Conecuh National Forest Soaring pines and serene ponds

When it comes to planning our trip, there are only a few stops we have on our must list so far. The rest of the campsites are chosen within a month of the stay. We have even chosen a campsite within a few hours of arrival time. That being said, it’s actually shocking that all of our sites thus far have been nice. I have always been a full-blown procrastinator, so for me this way of life is nothing new.

But for Scott, who is more of a planner than myself, things seem a bit too stressful when we are finding a new site in such a last minute fashion. In fact, when we were leaving Chattanooga, we had the option of going north to spend more time in the mountains, or heading south to Alabama. I might be the most indecisive person to ever live, so we literally pulled over en route to decide what the hell we were doing. I just don’t like making choices when they all seem interesting!


Anyway, while we were at Lake Guntersville, we decided that our next spot would be more remote. More nature-y. Less crowded. Who cares if the grocer is 30 minutes away– we needed a break from humanity, really. The months leading up to our departure were quite stressful, and the month spent visiting family in NC, SC, and TN was more about seeing loved ones than experiencing cool spots and having adventures. When we booked our stay at Conecuh National Forest, we didn’t really know what to expect. We just knew that with barely any reviews online, hardly any photos found on an image search, and a fee of just $16 a night, we could expect some adventure (whether good or bad, we had no idea).

We are obviously new at this life, but one thing we have learned quite quickly is that there are (mainly) two kinds of places to stay with a camper: an RV park/resort, and a campground.

An RV "resort"
An RV “resort”

An RV park is more like a parking lot with hookups. The campers are crammed in tight because maximum capacity equals maximum profits. Maybe this parking lot has great amenities– a clean bathroom, spotless laundry facilities, shuffleboard, a rec room, and a store where you can pay an arm and a leg for common items. Maybe this is what camping means for some people, but it certainly isn’t appealing to us.

Come to think of it, that above pic kind of reminds me of this...
Come to think of it, that above pic kind of reminds me of this…

We made this huge life change to be able to connect more with nature and see this great country. We seek a beautiful, changing view from our windows; to be a few steps from a scenic trail or beach overflowing with natural life. The funny thing is, many of these RV parks cost more than state parks/national forest campgrounds. I don’t see us staying at them unless there is a dire need to.

Staying at a campground, on the other hand, is more like staying in nature.

National Forest and State Park Campgrounds are where it’s at. From what we have seen, they’re more affordable and well, more beautiful. We rolled up to Conecuh not knowing what to expect, but we were in awe as we backed into our spot early in the morning. Situated right on Open Pond, we had more room than at any spot we had yet experienced. The air smelled of cedar and pine, the still pond shimmered brightly. We felt as though we had stumbled upon some secret. Why were other RV parks we researched so full and so costly? Here we were with water and electric hookups, surrounded by beautiful, nearly untouched Earth, hiking trails and kayaking literally at our doorstep for $16 a night! Scott inhaled as though he hadn’t breathed deeply in days and I said, “This is what we are seeking, this is why we are doing this whole thing.”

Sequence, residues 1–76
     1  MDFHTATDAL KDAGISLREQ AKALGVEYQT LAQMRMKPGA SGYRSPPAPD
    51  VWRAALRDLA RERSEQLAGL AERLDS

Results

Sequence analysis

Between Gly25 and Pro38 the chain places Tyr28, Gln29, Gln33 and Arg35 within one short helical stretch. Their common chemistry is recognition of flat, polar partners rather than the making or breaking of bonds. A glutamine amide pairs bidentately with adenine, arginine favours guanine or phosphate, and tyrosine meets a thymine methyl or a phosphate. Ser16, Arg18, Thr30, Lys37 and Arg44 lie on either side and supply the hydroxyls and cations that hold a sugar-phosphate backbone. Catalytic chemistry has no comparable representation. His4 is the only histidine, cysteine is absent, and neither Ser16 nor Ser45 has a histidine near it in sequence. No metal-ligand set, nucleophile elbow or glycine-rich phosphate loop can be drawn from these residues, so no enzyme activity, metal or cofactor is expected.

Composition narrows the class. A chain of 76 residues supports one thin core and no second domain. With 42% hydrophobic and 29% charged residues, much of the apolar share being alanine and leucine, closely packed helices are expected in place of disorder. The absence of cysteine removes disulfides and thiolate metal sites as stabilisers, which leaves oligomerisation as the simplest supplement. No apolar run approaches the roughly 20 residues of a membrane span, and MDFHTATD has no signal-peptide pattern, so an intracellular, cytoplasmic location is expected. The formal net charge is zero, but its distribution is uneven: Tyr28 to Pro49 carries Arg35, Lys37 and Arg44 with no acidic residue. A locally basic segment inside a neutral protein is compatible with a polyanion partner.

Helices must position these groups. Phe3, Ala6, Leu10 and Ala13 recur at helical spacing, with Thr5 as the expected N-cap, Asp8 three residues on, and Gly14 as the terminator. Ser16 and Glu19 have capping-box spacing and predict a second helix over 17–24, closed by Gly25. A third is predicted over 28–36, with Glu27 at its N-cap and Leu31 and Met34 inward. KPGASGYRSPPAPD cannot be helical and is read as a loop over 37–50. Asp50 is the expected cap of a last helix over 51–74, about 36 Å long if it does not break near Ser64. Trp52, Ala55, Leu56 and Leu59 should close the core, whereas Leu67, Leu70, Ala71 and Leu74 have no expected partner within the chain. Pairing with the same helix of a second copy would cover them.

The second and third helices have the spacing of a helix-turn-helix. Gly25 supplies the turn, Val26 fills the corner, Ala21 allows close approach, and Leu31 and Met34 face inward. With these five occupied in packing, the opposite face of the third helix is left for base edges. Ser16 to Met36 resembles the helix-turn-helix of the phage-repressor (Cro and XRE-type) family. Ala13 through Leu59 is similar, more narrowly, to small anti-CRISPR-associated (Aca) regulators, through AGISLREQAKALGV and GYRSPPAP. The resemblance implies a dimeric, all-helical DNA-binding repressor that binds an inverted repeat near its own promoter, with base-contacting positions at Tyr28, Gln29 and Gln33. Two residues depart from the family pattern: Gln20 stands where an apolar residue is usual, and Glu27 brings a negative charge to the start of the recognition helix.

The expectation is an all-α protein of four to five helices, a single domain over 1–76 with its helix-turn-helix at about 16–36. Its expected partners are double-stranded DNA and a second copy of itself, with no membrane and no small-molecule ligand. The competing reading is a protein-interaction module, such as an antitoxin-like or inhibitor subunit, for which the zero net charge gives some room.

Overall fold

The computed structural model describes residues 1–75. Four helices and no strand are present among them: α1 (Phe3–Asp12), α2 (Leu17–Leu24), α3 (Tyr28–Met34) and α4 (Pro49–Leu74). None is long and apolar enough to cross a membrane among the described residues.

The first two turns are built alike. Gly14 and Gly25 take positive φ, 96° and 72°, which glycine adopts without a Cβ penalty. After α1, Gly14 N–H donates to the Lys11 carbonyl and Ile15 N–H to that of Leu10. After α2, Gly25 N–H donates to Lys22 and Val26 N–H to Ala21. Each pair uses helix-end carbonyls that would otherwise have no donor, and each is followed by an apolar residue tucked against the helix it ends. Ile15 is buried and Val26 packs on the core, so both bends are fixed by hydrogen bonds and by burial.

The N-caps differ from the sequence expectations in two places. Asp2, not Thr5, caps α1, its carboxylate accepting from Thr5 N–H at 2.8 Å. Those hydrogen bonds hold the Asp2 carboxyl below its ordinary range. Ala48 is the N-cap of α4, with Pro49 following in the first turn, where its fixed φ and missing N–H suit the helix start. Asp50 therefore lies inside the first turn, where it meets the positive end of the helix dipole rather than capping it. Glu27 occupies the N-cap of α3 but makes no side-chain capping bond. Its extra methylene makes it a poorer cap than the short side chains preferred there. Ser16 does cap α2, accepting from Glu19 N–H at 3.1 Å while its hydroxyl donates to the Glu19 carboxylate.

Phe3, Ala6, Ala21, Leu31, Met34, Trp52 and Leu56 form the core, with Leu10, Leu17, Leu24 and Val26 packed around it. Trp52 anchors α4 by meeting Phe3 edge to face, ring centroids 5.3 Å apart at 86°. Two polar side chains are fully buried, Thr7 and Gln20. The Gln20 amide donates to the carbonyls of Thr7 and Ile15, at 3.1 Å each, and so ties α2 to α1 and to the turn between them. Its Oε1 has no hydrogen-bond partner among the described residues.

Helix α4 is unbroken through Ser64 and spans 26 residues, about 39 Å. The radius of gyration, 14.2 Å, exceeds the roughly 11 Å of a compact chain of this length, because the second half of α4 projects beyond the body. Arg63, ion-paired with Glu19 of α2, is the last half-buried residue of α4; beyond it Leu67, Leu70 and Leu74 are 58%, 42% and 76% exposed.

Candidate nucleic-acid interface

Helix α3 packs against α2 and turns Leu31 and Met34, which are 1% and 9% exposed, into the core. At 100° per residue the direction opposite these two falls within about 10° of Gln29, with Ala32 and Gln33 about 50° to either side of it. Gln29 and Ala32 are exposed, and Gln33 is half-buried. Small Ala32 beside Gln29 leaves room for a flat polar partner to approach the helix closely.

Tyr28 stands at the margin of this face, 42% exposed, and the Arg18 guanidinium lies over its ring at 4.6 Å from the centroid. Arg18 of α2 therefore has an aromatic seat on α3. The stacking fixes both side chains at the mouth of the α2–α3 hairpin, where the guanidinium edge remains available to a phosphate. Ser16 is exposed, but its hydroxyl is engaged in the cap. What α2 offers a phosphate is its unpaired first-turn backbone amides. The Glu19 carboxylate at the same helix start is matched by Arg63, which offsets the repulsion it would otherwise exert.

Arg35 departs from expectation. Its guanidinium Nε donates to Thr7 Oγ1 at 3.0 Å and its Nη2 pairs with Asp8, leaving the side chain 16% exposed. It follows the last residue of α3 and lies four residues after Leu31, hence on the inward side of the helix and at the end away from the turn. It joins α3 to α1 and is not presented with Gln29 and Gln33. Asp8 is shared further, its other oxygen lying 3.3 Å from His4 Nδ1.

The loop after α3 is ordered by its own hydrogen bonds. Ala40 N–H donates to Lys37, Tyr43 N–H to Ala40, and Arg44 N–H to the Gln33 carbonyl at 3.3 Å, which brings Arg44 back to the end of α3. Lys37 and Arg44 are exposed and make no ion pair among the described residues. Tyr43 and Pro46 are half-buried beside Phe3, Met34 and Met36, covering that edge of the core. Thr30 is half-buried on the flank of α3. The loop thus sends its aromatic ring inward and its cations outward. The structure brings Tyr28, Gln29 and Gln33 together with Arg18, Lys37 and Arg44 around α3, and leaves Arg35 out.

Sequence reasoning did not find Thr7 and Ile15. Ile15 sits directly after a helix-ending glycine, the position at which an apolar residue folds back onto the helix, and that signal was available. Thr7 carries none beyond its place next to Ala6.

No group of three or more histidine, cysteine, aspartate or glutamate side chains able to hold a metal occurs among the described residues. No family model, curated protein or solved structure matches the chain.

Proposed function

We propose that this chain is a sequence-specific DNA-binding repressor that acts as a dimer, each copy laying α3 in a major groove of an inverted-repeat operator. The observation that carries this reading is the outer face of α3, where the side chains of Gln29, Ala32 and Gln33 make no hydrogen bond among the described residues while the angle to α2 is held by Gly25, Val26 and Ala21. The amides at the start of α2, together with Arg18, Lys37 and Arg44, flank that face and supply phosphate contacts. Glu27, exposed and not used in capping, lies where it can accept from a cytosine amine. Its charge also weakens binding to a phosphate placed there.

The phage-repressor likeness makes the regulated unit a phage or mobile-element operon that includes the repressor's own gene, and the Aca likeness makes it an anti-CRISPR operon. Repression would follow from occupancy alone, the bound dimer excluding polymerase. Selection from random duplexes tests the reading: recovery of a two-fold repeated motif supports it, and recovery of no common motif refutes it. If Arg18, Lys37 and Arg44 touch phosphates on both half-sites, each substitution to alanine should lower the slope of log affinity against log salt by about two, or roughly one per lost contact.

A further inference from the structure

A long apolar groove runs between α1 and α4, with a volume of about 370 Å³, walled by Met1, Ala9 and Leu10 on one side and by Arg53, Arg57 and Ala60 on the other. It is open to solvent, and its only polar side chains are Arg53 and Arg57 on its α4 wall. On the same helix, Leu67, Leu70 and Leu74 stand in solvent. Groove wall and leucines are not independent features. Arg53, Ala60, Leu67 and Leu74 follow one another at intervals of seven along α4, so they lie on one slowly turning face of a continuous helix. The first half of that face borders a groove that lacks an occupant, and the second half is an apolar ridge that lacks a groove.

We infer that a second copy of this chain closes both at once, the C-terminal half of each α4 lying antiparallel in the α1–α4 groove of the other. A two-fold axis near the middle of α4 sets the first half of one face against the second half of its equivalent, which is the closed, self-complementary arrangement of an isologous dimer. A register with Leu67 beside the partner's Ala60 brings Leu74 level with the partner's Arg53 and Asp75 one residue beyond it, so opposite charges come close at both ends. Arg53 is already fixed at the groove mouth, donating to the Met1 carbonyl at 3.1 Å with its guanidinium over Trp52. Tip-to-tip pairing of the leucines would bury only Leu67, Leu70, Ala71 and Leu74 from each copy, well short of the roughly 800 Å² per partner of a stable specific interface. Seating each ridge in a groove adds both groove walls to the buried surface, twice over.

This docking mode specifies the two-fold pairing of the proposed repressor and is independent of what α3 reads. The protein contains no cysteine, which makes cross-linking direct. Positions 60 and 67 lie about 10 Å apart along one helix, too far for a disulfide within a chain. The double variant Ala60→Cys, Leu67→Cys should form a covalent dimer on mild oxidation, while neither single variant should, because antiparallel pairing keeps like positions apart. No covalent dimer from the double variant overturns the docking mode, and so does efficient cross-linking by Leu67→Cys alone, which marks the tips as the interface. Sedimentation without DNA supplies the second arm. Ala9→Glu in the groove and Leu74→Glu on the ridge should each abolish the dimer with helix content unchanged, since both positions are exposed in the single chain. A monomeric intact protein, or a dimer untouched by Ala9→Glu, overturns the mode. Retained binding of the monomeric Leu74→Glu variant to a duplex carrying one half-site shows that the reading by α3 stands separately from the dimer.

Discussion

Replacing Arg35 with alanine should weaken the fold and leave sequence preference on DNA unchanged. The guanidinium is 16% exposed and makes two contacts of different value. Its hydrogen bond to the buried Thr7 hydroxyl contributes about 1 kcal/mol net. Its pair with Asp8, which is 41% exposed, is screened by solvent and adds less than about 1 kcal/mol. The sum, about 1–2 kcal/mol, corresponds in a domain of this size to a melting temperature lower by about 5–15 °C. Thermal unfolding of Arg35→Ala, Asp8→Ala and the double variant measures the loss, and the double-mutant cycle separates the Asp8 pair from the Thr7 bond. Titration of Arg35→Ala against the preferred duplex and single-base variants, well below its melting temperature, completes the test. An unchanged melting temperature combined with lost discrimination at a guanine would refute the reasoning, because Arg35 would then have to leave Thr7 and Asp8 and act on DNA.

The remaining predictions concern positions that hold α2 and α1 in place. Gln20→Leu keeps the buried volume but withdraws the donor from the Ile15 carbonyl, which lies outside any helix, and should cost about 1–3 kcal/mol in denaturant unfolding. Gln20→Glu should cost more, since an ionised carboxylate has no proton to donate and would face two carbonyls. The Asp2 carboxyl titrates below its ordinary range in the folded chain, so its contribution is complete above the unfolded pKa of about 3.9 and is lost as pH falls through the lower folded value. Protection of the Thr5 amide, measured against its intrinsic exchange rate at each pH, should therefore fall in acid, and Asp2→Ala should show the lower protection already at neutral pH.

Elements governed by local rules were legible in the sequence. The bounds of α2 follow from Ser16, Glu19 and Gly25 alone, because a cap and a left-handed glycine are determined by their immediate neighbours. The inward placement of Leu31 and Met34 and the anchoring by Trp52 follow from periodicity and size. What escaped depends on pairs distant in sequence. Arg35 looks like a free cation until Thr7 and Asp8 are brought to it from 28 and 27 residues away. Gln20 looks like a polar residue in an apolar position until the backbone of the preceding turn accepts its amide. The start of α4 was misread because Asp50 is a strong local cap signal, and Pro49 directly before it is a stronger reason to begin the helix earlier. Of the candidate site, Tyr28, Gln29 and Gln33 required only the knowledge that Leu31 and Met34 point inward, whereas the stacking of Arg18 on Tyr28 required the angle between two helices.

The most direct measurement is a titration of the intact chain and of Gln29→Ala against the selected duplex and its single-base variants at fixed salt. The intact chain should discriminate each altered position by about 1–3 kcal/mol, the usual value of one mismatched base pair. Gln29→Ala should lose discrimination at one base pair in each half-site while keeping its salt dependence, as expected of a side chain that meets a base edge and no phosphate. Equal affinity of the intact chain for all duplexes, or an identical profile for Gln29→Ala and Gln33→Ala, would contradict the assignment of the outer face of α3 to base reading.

“Situated just above the Florida panhandle, the forest has a distinct southern flavor of mist-laden hardwood swamps, pitcher plant bogs, and southern coastal plain pine forest. These hilly coastal plains are also home to longleaf pine, upland scrub oak, and dogwood, as well as an aquatic labyrinth of winding creeks and cypress ponds.”

I really don't know how we lucked out here.
I really don’t know how we lucked out here.

We spent the week in our kayaks, hanging in the hammock between the trees, checking out lizards and other wildlife, and walking the docks.

Going exploring is always fun, but sometimes the simple mornings by the campsite are just as beautiful. Playing board games, reading books, and having a slow  brunch in such a beautiful setting with my favorite people are memories I’ll treasure forever.

Somehow Emery, who is 6, beats adults at Splendor, a strategy board game meant for 10 years and older.

Of course, riding our bikes to the many ponds was a unique experience. This landscape was like none I had seen before.


I kept a lookout for alligators, but found none, thankfully.

After a lovely time exploring the forest, it was time to head back and relax by the campfire.

Kill the Beast!
Kill the Beast! Scott being his weird self.

We would have stayed at Conecuh longer if we had not already booked a reservation near Destin, FL. I know I would love to return at some point in the future, and recommend it to everyone!

Ok, signing off on this post with a cheesy pic of Scott and me enjoying some string light/campfire vibes. Next stop, Topsail Hill Preserve State Park in Florida!



  1. Excellent post. You elegantly depicted exactly how we feel in state parks versus RV parks. It’s always nice to reconnect with nature and keep life simple 🙂

  2. Amazing photos, amazing journey. I just realized you have this blog to go along with your IG photos! Incredible.

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